In summary, its guideline extended “up to 15 days after the end of the curfew, the term to register and send, through the Contracts Registration application, all the contracts awarded which term expires during said period.” In addition, it made possible that any contractor could sign agreements with the Government, even if they do not meet the requirements imposed by law to provide goods and services in the middle of the coronavirus emergency on the island.

“During this emergency period, they can proceed with the benefits or considerations established in any contract duly formalized by all the parties. If the contractor does not have available the documents required by law for the formalization of the contract, they must provide them within 60 days of the end of the curfew.”

Does this also include purchase orders? We question the Comptroller.

“Government procurement and contracting processes cannot be classified in the same way. A purchase order is not a contract per se (that is why they are not registered), although a purchase order can originate from a contract. Government contracts have to comply with some form, mandatory clauses and documentation requirements established by law and regulations different from those of a purchase order,” said Valdivieso Galib.

Why does the Comptroller not register purchase orders, which are contracts according to the Financial Oversight and Management Board for Puerto Rico (Fiscal Control Board) and the Civil Code of Puerto Rico? we insisted.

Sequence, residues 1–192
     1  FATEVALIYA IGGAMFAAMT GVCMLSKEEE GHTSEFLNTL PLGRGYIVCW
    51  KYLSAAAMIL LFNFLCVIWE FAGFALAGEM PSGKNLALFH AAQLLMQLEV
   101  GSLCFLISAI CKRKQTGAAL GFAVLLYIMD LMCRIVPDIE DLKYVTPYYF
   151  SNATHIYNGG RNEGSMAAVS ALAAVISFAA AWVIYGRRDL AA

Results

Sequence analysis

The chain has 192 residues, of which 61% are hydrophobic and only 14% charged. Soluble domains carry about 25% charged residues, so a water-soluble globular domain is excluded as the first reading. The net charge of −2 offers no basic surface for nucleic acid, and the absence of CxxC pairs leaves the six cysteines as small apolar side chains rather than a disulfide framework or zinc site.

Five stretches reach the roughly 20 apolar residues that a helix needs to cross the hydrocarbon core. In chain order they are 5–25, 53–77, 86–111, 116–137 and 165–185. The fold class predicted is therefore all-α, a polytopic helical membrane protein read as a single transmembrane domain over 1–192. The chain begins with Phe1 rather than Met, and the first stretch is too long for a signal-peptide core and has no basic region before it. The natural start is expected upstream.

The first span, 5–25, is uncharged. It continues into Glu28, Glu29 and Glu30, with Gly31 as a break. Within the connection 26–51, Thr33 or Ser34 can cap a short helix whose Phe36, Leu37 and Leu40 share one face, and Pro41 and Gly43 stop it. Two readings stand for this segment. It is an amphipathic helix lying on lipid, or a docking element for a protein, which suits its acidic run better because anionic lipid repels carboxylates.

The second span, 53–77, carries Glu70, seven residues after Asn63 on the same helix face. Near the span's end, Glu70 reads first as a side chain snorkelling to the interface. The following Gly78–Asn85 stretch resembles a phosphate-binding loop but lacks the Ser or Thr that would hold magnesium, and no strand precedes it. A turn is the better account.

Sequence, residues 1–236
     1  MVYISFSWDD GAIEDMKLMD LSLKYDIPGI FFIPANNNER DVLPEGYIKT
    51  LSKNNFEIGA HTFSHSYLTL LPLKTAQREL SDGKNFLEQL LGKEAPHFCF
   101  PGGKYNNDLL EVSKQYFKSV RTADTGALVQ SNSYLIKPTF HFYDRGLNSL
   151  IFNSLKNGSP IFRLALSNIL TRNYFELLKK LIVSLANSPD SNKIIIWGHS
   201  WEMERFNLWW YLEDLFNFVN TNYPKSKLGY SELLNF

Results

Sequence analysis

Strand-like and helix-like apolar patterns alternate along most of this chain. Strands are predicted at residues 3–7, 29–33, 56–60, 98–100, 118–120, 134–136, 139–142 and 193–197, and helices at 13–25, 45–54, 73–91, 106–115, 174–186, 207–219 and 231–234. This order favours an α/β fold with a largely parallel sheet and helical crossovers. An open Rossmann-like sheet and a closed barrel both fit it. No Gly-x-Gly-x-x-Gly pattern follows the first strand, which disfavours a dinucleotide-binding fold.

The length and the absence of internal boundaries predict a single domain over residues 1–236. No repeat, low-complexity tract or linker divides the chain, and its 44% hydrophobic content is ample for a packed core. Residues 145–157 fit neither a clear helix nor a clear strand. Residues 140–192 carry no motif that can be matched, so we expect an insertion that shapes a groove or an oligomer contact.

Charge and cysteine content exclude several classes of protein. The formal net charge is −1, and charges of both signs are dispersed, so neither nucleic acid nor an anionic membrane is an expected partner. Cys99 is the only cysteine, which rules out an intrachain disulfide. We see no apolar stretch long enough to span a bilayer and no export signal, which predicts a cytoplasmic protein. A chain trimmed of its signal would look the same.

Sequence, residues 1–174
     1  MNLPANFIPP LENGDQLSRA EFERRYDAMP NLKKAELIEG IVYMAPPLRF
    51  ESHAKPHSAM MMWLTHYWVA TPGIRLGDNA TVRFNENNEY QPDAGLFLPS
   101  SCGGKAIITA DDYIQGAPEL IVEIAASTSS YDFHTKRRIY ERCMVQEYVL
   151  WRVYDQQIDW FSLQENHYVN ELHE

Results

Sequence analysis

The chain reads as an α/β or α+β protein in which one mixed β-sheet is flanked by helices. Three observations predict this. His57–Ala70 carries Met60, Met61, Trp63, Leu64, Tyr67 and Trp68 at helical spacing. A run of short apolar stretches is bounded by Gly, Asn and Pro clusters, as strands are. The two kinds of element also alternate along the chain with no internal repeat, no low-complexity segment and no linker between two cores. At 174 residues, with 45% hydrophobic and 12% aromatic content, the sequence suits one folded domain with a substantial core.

“In a contract, clauses and conditions are agreed subject to not being contrary to law, morality and public order and to the consent of the contracting parties, an object that is the subject of the contract, and cause of the obligation established. Therefore, a purchase order cannot be considered a contract because the purpose of the purchase order is only to oblige a payment. “Obligations arise from the law, from contracts and quasi-contracts. In addition, it must be considered that the legal regulations applicable to government procurement are rigorous. See, by way of example, Law 237-2004, as amended, regarding the contracting of professional services by government entities, and the case of Rodríguez Ramos v. ELA, 190 D.P.R. 448 (2014),” added Valdivieso to justify the reason why the purchase orders are not registered, even though they have all the requirements to be considered as a valid contract, as emerges from her own expressions for the record.

In full, we reproduce the next question and the Comptroller’s response:

In view of the fact that the enabling law of the Comptroller establishes that the agency enjoys the fullest administrative, budgetary and fiscal autonomy, how is it explained that the term of 60 days after the end of the curfew, which was granted to all the government agencies to correct any error in the requirements by law that a contractor must comply with are exactly the same that Governor Wanda Vázquez Garced granted to the Executive Branch by means of an Executive Order on March 16, which is valid until May 15?